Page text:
Once in half, pick the nicer of the two sides and use the tip of your knife to make a small hole in the flat face of your hearth board. This does not go through, but is a starting point for your drill or spindle to stay put while you set it.

Step 3: Setting the Drill / Spindle

In order to have the drill piece running smoothly you will need to set the drill. To do this you must first make the end of your drill spindle slightly pointy so it stays in the hole you have made in your hearth board.

Put the point of the spindle in the hearth board hole and begin to spin the drill. It will wobble around a bit but keep going until the base of the drill sets itself, it will no longer wobble around. Instead you will see the base of the drill spin nice and even. Dust will start to build around the base.

This set hole does not have to be really deep. In fact, that will reduce the amount of useable timber on your hearth board.

Step 4: Cutting a Notch

With the drill set, you can now cut a notch into the side of the set hole. You want this notch to be about 3-4mm at the widest point (1/8th of an inch). Cut this notch to zero at the centre point of your set hole.

Step 5: Making a Birds Nest

The birds nest will provide a place for the coal to become flame. It's used to create smoke in such quantities that the smoke bursts into flame.

Collect dry grass from nearby areas and work it into a birds nest. Do not forget to add those shavings off the side of the spindle to the center of this pile. Assuming they have turned slightly yellow, they are great material to use.

Step 6: Check List Before Drilling

It's important to make sure you have the following prepared before using valuable energy to make your fire. If you follow this list you should get a coal.

- Cut drill with a point. Hearth with small hole for drill to go in

- Set drill then stop

- Shave the sides off drill tip

- Cut notch into hearth board

- Place hearthboard on top of bark or similar to catch the coal

- Have birds nest ready with shavings off the side of spindle ready

- Have kindling and timber ready for once the fire is lit

Step 7: Drilling Method

As this timber was green in the core, a bit more pressure is involved at the end of the drilling process. I use two techniques to get a coal.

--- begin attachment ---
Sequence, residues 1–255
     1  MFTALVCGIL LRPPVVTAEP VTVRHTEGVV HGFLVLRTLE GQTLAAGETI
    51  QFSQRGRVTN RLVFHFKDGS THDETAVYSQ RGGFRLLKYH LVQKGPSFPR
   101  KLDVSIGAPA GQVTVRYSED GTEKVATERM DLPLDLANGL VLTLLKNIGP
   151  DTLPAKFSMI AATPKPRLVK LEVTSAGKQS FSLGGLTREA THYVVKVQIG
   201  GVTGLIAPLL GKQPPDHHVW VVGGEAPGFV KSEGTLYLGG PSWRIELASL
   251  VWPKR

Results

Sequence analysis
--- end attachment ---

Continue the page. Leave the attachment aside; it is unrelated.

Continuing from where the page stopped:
The first is called floating hands (pic 1 & 2): This is a way of keeping your hands on the one place on the drill while spinning it. To do this put your hands on either side of the drill and make your hands move like you are dusting them off against each other. Some people use a "v" shape with your hands to describe this motion. A little practice and you will have it down.

The second is a straight forward and back motion (pic 3): This should be done when a lot of downwards pressure needs to be applied.

Start your spindle by using the floating hands. Take your time and relax while doing this method, the idea here is to start heating the drill tip with minimal effort. This will also begin to draw some fine dust into the notch.

Stop once the drill is set and shave the side of the drill tip away. If it touches the sides of the hole, it can slow you down. Once you have done this for about 10 seconds it's time to swap to the forward back method. Put medium pressure downwards till you see some small wafts of smoke appearing. Remember, it's not a race, take time with the medium pressure and also grab the base of the drill at the end of each stroke to reset your hands.

Lastly, start to focus on speed with slightly more pressure. Don't stop when you think enough smoke is coming out, push yourself to make the smoke thick enough to affect your vision. When the drill is taken out you will see a small black patch of dust, this is your coal.

Step 8: Nuturing Your Coal

Believe me when I say this is where I have seen many people come unstuck. The coal is an important step because the hard work is done and now patience is required.